“Where is this Somnathpura?”
“Why are we going to Somnathpura?”
“We need to walk a lot, Chinnu!”
“It’s like a school trip!”
“We can probably go somewhere else, a little more far from Bangalore.”
“We need to go to Wonderla.”
These were all the statements that my family made or asked.
A little bit of context:
After several plannings, bookings, re-bookings and cancellations in the past, I never ended up going to Somnathpura with my friends.
I was visiting my family, back in Bangalore after a year, so why not plan for a day trip with them, I thought. Perfect way to blend as a family! I shared the thought with my two cousins – Veena and Megha, who were equally excited. After a lot of planning, re-planning, voting, negotiating and the number of people responding, 12 ladies (whom I call the pillars of my family 😊) ended up for the family trip (‘Say about women power, huh!’).
A tad bit info bout Chennakesava temple in Somnathpura:
There are two Chennakesava temples built during the Hoysala Empire – the big one at Belur (which is extremely beautiful – I will write about it later) and the mini version at Somnathpura. The latter one is what I am currently talking about. To give a bit of history, the Chennakesava temple was built in the 13th century and is one of the marvelous examples of Hoysala architecture. Hoysala architecture is known for its beautiful carvings and sculptures.
On the day:
The distance between Bangalore to Somnathpura is approximately 140 kms. My cousins Veena, Pammu and Naveen had coordinated and organized a tempo traveler that would accommodate all of us in one vehicle.
The driver (who was over talkative than required) picked all of us early morning at 6 AM (10 on 10 to my mom who made sure that I was up and ready by 6). We were all set for a super enjoyable day ahead. The Sun was shining and was a beautiful perfect day for the family outing.
The trip started off with the family updates and catching up. As and when we drove farther from Bangalore, everyone settled in and became more and more comfortable. We had some music, singing and dance (Yes, dance 😀 ) on the way.
After 3 hours of drive, we finally reached the temple. The temple has a minimal entrance fee, which has to be purchased at the gate. The guard at the entrance did not allow my tripod to be taken inside the premises (No clue why!). Even though I was upset a little, I was distracted and deviated by the beautiful high walled enclosure that was surrounding the temple. Being the photographic addict family we are, we clicked some pictures in front of the walled enclosure 😛 .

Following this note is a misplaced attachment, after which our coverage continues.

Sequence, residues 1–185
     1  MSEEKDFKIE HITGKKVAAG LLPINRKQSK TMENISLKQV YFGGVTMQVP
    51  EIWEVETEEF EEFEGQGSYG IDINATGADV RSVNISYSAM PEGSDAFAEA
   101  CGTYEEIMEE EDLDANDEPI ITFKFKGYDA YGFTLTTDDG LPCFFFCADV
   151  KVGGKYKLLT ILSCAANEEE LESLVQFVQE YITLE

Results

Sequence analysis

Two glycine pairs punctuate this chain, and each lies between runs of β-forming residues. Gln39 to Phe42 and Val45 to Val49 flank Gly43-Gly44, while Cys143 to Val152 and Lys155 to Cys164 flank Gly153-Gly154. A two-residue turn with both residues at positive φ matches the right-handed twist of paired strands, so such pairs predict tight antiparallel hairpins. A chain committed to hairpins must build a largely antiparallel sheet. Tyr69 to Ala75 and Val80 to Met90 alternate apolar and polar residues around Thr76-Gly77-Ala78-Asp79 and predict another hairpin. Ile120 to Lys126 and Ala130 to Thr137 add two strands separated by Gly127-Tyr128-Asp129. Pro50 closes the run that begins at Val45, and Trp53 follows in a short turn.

As we entered the temple, I realized why it was one of the finest examples of the Hoysala architecture. The temple is at an elevated platform and is in a star shape. I was awed by its beauty.
The outer walls of the temple are decorated with marvelous pieces of sculptures.
The lower part of the walls have sculptures of soldiers on horses, elephants and scenes from Hindu mythological stories.
The upper part of the walls have sculptures of various Hindu Gods, especially Lord Vishnu in his different avatars.
We hired a guide, based on my sister-in-law Manju’s suggestion (no doubt! It was a very good idea). The guide seemed knowledgeable but he was short tempered and had a problem with me . Angry with me, because of my inquisitiveness; I asked him too many questions (Can you believe that! And I was taught asking questions were good). Nevertheless, he explained the history, details and importance of the temple and sculptures.
One of the most interesting sculptures that the guide spoke about was that of Lord Vishnu and Goddess Lakshmi. In this sculpture, the Goddess Lakshmi sits on Lord Vishnu’s lap, resting one of her feet on a lotus flower. And the lotus flower is supported by an elephant, to hold the weight of her feet. This clearly proves the sculptor’s eye to detail.
There are many pillars inside the temple, each one designed differently from the other. The octagonal ceilings resemble the lotus flower. And the temple is said to have had three idols – Lord Kesava, Lord Janardhana and Lord Venugopala. However, the idol of Lord Kesava is missing currently.
All of us were clearly overwhelmed by the beauty of the temple. The structures and the sculptures, showed the amazing artistic skills the craftsmen carried. Each sculpture has been well thought through and has every little detail that anyone can think of. This makes me realize how rich India is with respect to the history and the skills. We have such spectacular monuments that we must be really proud of.
Coming back to my family, the giggles, gossips, dancing and the ongoing snacks helped all of us bond more closely with each other. Our entertainer throughout the trip was my niece – Disha, who constantly kept all of us happily busy (except for her mom who was busy controlling her ;D ).
Some of us were quiet and the rest were super talkative (I am not sure which side I belong to 😀 ), some were introverts and the rest were extroverts. But all in all it was an awesome fun-packed day and one of the best trips I have had with my family in recent times.
Free Advice 😛 : Since not many are aware of this temple, the temple is untouched and less crowded. I would definitely say that this is the place to explore and learn with your camera. The temple offers so many photographic opportunities. And this temple is a must visit for people, especially Bangloreans, who love their short weekend travels 🙂 .